King-claimers have lots of company

Fully chronicling right-wing efforts to co-opt King’s legacy could fill a book. Among those who invoke MLK to support their efforts are opponents of affirmative action programs designed to provide equal opportunity to historically marginalized people; the authors and signers of the anti-choice, anti-abortion, anti-church-state-separation Manhattan Declaration; anti-abortion activist Lila Rose; right-wing activist and dominionist Lou Engle,Religious Right activists like Tony Perkins, Gary Bauer, and Rick Scarborough; GOP presidential candidates, and many more. Evangelist James Robison has argued that wealthy capitalists are facing “a type of racism that is not only damaging but actually potentially very dangerous. There is an animosity and a hostility that you have to go all the way back to the horrible racism that you and I stood against along with Martin Luther King, that we detested. You have to look at that and see how dangerous it is.” The South Carolina Republican Party “celebrated” the legacy of Martin Luther King by inviting David Barton, a GOP activist and promoter of a bogus “Christian nation” history of America, to promote his partisan “documentary” that blames the Democratic Party for slavery, lynchings, Jim Crow, and the KKK, while ignoring the post-Civil Rights Act “southern strategy” in which the GOP fomented white racism and resentment in order to build electoral support. King’s “Letter from a Birmingham Jail” is cited by Religious Right activists who claim it supports their insistence that “it may be time for Christians to draw a line in the sand” and used to teach Liberty University law students that they should counsel their clients to follow God’s law rather than man’s law.

Where King Really Stood

Abortion, Family Planning, and Planned Parenthood

Refuting the persistent efforts by anti-choice activists to posthumously enlist King in their crusade against Planned Parenthood is the fact that in 1966, King was honored by Planned Parenthood. His statement on receiving the honor is in stark contrast with those who today accuse Planned Parenthood and other supporters of reproductive choice of waging “Black Genocide.” A brief excerpt:

…Negroes have no mere academic nor ordinary interest in family planning. They have a special and urgent concern….For the Negro, therefore, intelligent guides of family planning are a profoundly important ingredient in his quest for security and a decent life. There are mountainous obstacles still separating Negroes from a normal existence. Yet one element in stabilizing his life would be an understanding of and easy access to the means to develop a family related in size to his community environment and to the income potential he can command.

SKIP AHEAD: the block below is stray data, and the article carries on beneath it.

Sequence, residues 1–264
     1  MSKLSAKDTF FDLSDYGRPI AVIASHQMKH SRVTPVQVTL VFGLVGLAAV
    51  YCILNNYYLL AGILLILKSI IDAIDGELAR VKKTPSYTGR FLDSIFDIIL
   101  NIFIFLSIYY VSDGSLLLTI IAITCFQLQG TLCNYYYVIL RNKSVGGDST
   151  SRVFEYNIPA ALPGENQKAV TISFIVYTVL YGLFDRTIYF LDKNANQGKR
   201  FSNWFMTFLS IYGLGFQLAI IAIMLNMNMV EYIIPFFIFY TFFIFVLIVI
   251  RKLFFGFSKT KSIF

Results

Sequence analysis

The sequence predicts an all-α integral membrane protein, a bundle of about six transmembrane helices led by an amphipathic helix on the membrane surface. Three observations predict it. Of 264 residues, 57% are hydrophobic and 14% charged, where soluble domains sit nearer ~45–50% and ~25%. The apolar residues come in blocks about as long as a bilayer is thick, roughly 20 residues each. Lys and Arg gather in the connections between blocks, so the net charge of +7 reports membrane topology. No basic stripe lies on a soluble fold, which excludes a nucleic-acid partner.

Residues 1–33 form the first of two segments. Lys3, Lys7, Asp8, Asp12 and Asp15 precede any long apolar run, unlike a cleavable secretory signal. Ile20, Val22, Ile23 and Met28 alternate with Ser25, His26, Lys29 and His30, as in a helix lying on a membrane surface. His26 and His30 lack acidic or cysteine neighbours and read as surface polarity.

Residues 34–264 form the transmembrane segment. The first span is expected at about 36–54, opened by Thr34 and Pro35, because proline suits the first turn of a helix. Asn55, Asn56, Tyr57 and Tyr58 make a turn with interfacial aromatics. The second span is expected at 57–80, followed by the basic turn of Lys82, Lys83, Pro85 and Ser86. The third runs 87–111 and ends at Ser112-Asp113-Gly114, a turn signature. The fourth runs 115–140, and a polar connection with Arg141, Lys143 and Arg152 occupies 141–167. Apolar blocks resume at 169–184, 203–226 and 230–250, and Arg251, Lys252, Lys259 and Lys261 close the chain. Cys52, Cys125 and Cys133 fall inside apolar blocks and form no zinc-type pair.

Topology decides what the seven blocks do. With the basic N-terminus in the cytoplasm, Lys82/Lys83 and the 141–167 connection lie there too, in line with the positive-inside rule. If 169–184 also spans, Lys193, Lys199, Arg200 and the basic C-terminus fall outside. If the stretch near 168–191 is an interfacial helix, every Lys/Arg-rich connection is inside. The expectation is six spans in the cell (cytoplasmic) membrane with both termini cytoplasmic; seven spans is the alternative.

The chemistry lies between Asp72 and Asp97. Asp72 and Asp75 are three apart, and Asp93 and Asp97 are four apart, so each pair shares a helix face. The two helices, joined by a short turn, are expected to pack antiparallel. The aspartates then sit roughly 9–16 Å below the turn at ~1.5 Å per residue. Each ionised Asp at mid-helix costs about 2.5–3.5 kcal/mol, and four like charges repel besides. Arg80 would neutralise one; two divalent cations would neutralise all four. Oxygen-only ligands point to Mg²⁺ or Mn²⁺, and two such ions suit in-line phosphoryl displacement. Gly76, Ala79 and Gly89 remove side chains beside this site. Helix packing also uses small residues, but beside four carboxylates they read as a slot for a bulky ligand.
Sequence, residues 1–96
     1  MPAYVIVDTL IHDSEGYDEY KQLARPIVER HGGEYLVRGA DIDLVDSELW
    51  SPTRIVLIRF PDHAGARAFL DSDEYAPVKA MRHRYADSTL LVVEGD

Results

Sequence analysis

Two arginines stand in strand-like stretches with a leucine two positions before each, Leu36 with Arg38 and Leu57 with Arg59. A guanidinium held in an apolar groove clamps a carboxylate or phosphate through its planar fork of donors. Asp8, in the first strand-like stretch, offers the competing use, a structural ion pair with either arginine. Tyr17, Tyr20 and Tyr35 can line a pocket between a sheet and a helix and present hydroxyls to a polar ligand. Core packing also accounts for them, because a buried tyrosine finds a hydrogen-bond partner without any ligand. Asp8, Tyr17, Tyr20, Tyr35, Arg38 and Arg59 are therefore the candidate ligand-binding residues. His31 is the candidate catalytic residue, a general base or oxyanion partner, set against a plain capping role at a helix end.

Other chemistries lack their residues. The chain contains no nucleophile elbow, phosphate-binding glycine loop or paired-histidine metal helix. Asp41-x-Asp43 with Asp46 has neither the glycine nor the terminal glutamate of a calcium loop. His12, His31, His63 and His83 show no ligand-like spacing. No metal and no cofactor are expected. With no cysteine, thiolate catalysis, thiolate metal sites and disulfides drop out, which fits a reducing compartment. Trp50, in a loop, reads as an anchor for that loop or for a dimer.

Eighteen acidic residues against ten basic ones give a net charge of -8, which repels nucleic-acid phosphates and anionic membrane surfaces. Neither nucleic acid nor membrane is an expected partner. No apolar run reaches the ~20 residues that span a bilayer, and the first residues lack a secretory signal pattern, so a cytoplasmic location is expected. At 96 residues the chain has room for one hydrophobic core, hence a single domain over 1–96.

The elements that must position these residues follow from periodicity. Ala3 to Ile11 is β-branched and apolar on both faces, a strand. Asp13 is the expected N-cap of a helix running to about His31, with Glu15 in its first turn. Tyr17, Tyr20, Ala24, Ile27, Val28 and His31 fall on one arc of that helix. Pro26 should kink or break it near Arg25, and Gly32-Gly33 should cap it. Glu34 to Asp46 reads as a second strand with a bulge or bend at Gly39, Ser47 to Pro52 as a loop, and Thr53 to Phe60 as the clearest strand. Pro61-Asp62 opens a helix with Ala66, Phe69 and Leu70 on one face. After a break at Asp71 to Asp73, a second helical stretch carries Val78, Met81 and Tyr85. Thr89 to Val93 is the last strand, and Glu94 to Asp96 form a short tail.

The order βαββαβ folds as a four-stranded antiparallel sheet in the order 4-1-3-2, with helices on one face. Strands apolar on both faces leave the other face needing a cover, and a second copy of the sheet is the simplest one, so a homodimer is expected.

This is not to suggest that the Negro will solve all his problems through Planned Parenthood. His problems are far more complex, encompassing economic security, education, freedom from discrimination, decent housing and access to culture. Yet if family planning is sensible it can facilitate or at least not be an obstacle to the solution of the many profound problems that plague him.

… For these reasons we are natural allies of those who seek to inject any form of planning in our society that enriches life and guarantees the right to exist in freedom and dignity.

The Rights and Dignity of Gay People

Bayard Rustin, the organizer of the 1963 March on Washington, was an openly gay man at a time when being out was costly and dangerous. Rustin’s sexuality, and a 1950s arrest on “morals charges,” were used by enemies of the civil rights movement to try to discredit the movement and its leaders. King did distance himself from Rustin when counseled that Rustin’s presence would be damaging to the movement but turned to him to organize the March on Washington; over time Rustin was one of King’s most trusted advisors on non-violent civil disobedience and organizing strategies. King grounded his appeals to Americans’ conscience on the equality of all people in the eyes of God and in the words of the nation’s founding documents. There is no evidence that he would support those trying to carve out exceptions to legal equality for LGBT Americans. King’s widow, Coretta Scott King, became an outspoken ally of LGBT equality and spoke out on behalf of marriage equality.

The Government’s Role in Promoting Economic Justice